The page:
by Andrew Pettegree

Long before the invention of printing, let alone the availability of a daily newspaper, people desired to be informed. In the pre-industrial era news was gathered and shared through conversation and gossip,...


An Atheist's History of Belief: Understanding Our Most Extraordinary Invention

by Matthew Kneale

What first prompted prehistoric man, sheltering in the shadows of deep caves, to call upon the realm of the spirits? And why has belief thrived since, shaping thousands of generations of shamans, pharaohs, Aztec...


RETROSPECT ON THE DUST-LADEN HISTORY, A: THE PAST AND PRESENT OF TEKONG ISLAND IN SINGAPORE: The Past and Present of Tekong Island in Singapore

by LEONG SZE LEE & POH SENG CHEN

Chen Poh Seng's great grandfather lived in Pulau Tekong, his 50-over cousins were born and educated there. He lived in Changi Point which is 30 minutes away by ferry.

Lee Leong Sze is a Malaysian, graduated from...


The Problem of Slavery in the Age of Emancipation

by David Brion Davis

From the revered historian, the long-awaited conclusion of the magisterial history of slavery and emancipation in Western culture that has been nearly fifty years in the making.

David Brion Davis is one of the...


American Fun: Four Centuries of Joyous Revolt

by John Beckman

Here is an animated and wonderfully engaging work of cultural history that lays out America’s unruly past by describing the ways in which cutting loose has always been, and still is, an essential part of what...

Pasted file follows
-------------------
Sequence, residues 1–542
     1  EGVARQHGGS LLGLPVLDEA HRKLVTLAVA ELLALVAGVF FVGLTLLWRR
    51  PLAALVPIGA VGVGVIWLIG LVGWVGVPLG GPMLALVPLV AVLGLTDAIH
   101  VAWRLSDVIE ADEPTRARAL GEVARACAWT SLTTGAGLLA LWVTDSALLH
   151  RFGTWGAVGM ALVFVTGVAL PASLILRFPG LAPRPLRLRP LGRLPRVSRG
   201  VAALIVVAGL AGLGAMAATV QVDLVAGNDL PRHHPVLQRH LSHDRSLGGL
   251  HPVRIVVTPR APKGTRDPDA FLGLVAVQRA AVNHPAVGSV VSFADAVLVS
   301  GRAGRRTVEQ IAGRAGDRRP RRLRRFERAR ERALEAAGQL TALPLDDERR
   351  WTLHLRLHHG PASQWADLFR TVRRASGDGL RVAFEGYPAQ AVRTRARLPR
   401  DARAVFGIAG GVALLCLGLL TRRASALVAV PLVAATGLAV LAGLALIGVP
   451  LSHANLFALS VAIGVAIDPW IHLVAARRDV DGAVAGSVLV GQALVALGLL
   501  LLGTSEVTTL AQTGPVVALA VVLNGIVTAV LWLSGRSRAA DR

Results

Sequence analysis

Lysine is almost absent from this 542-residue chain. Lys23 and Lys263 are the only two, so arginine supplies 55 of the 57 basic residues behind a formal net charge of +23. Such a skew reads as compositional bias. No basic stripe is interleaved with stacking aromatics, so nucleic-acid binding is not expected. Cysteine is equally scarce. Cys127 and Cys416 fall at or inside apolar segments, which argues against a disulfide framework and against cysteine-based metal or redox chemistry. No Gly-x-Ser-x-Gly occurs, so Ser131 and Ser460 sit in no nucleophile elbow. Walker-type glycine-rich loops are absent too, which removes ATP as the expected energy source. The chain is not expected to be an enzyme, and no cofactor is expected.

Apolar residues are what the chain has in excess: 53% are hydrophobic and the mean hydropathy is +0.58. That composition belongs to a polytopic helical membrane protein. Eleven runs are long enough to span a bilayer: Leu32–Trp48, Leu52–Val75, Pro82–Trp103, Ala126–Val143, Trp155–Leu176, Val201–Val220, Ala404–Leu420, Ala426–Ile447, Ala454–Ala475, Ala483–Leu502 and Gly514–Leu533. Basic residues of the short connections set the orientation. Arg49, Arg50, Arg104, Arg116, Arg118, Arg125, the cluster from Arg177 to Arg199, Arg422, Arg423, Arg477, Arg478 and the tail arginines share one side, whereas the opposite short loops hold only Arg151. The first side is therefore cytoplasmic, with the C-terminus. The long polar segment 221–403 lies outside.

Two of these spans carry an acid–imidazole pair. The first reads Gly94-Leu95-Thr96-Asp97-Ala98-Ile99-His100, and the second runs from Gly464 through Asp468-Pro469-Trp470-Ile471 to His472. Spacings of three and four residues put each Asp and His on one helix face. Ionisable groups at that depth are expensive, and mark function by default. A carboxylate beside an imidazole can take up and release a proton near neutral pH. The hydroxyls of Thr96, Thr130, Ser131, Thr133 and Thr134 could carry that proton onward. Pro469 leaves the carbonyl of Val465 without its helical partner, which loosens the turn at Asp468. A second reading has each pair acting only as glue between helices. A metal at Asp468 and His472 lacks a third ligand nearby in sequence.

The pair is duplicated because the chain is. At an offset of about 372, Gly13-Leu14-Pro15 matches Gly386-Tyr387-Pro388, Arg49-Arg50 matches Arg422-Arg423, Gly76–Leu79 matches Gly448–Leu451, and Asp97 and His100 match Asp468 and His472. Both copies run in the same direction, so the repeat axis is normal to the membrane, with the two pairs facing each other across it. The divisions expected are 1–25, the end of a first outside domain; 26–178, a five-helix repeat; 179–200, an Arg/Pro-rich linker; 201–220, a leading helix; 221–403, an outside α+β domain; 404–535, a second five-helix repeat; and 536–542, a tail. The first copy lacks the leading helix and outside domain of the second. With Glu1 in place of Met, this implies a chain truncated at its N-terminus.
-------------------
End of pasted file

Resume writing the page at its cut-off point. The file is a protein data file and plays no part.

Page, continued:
On the Shoulders of Giants: My Journey Through the Harlem Renaissance

by Kareem Abdul-Jabbar & Raymond Obstfeld

From 1920 to 1940, the Harlem Renaissance produced a bright beacon of light that paved the way for African-Americans all over the country. The unapologetic writings of W. E. B. Du Bois and Marcus Garvey, the...


A Renegade History of the United States: How Drunks, Delinquents, and Other Outcasts Made America

by Thaddeus Russell

In this groundbreaking book, noted historian Thaddeus Russell tells a new and surprising story about the origins of American freedom. Rather than crediting the standard textbook icons, Russell demonstrates that...


Finding Chandra: A True Washington Murder Mystery

by Scott Higham & Sari Horwitz

It was the mystery that gripped the nation during the summer of 2001: the sudden disappearance of Chandra Levy, a young, promising intern, and the possible involvement of Congressman Gary Condit. And then the...


The History of the Snowman

by Bob Eckstein

Who made the first snowman? Who first came up with the idea of placing snowballs on top of each other, and who decided they would use a carrot for a nose? Most puzzling of all: How can this mystery ever be solved,...


Flappers

by Judith Mackrell

By the 1920s, women were on the verge of something huge. Jazz, racy fashions, eyebrowraising new attitudes about art and sex—all of this pointed to a sleek, modern world, one that could shake off the grimness...